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MAKING THE MOST OF YOUR TOUR PHOTOS – By Dave Davis

Dave Davis is a friend who has traveled on several tours with me.  He is an avid photographer and always seems to come up with some good photos.  Recently, he provided some handy hints on photography and archiving the digital images.  In the next few day, Dave is going to share some of his hints.
 
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Aren’t photographs a terrific way to refresh your memory of people, places, events and things?   And now with greater technology, it has never been so easy to produce a great photographic collection to memorialize a touring vacation.    I am going to share a few approaches that I have developed over the years that might just help make your photo collection more valuable to you.   It is really easy.   Just let your photo collection tell the story.

I often start a collection with the photos showing the trip location/destination and primary people.  Sometimes I use the tour brochure that led me to select the trip.   Sometimes I use a map or a picture of the destination airport or famous landmark that identifies the place.

A Signpost IDENTIFIES THE SUBJECT

 

On a recent tour I started my collection with a picture of David McGuffin, wearing his official tour shirt with bold letters displaying “IRELAND SCOTLAND” and with the backdrop being the Hogwart Express viaduct memorialized in the Harry Potter stories.    I followed that with a picture of myself, my wife and our niece in front of the rock formation at Giants Causeway, and that was followed by a map of Scotland.  With just three pictures I have opened the story and set the stage.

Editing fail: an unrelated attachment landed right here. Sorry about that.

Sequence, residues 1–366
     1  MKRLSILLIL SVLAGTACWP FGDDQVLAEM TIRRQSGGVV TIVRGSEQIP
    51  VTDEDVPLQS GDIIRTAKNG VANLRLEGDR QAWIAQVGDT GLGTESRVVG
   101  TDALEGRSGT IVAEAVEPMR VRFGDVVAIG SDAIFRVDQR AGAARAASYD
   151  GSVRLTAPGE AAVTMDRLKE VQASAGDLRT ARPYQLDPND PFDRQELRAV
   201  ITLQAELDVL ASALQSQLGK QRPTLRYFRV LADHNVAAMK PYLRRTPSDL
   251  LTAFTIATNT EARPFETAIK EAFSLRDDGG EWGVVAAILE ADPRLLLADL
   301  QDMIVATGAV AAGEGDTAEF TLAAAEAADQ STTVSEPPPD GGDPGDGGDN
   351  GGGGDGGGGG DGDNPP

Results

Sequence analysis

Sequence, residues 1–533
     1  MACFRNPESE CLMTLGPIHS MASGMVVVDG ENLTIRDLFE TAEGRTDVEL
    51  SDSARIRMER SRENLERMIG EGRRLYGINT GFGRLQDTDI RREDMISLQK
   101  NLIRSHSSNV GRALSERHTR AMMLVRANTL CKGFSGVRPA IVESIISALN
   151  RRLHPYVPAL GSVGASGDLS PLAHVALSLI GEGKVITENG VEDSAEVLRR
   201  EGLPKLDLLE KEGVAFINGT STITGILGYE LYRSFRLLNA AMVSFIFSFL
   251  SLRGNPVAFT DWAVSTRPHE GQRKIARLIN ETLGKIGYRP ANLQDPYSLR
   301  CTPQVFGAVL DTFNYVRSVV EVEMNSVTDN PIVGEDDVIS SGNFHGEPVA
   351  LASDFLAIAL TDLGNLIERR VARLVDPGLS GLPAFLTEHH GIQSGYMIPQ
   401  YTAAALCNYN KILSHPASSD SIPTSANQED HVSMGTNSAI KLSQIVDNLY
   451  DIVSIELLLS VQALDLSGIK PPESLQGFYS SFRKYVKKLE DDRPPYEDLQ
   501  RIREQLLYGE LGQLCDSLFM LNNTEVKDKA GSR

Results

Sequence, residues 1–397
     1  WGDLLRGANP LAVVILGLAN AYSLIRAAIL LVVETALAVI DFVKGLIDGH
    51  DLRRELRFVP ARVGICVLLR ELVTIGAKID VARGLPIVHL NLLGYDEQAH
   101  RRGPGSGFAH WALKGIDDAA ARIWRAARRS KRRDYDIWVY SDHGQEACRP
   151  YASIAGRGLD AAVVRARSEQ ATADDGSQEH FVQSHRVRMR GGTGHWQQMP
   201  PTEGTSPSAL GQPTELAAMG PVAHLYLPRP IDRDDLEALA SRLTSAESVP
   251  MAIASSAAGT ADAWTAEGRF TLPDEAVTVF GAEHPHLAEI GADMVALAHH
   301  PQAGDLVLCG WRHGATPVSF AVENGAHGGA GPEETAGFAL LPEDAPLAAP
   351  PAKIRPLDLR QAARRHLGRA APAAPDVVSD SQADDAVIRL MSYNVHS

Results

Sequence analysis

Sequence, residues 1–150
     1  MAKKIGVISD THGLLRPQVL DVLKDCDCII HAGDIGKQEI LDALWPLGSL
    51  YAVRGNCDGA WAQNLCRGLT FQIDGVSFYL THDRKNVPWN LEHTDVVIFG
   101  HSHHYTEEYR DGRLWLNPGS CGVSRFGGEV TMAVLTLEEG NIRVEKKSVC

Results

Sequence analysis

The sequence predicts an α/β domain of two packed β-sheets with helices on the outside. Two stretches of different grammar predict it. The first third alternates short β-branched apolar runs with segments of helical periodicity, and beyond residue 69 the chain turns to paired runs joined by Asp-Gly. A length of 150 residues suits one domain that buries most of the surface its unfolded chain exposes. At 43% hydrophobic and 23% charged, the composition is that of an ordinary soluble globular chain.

Tee Shirt and Tour Leader IDENTIFY THE SUBJECT

From there my collections are pretty much day by day. I often take a picture of a map of where the day would be spent, and sometimes one of his handouts that told more of the location. It is so helpful to my aging brain cells to have the city names (or sites) pop out from the map and be further detailed in the handouts. Then the pictures follow through the day.

When we arrive at a city, cathedral, castle, or other site, I take pictures that identify the subject. It could just be the entrance sign, or anything else that tells where we are at. Display boards at the site are often good to use for identification and more detailed information of what is being visited. Then it’s the fun shots of whatever there is to see, but the long term important thing is that the picture collection itself will present where that pictures are taken.

Information Signage used to focus on location

I find that it adds to the collection to not limit myself to taking pictures of the special places visited but also the more seemingly mundane things. Take a picture of the bus, inside (with passengers) and outside with the driver. Take a picture of the motel front, lobby and grounds. Take a picture of your room. Take a picture of the restaurant name, its inside, the food/drink as it is being presented, fellow diners from the tour and even the waiter. And you musts take pictures of some the “unique” European bathrooms! I don’t know if it is legal to do so, but I have also taken pictures of the money used in different countries.

Following these tips will make your collection more meaningful to you and to anyone you share it with.

-Dave Davis

 Jump to Dave’s second article: “Organizing Your Tour Photos”

 

About the Author

David McGuffin established David McGuffin’s Exploring Europe, Inc. in 2001 to formally offer European tours. Since then, he has taken several thousand satisfied customers on memorable and educational tours to Europe.

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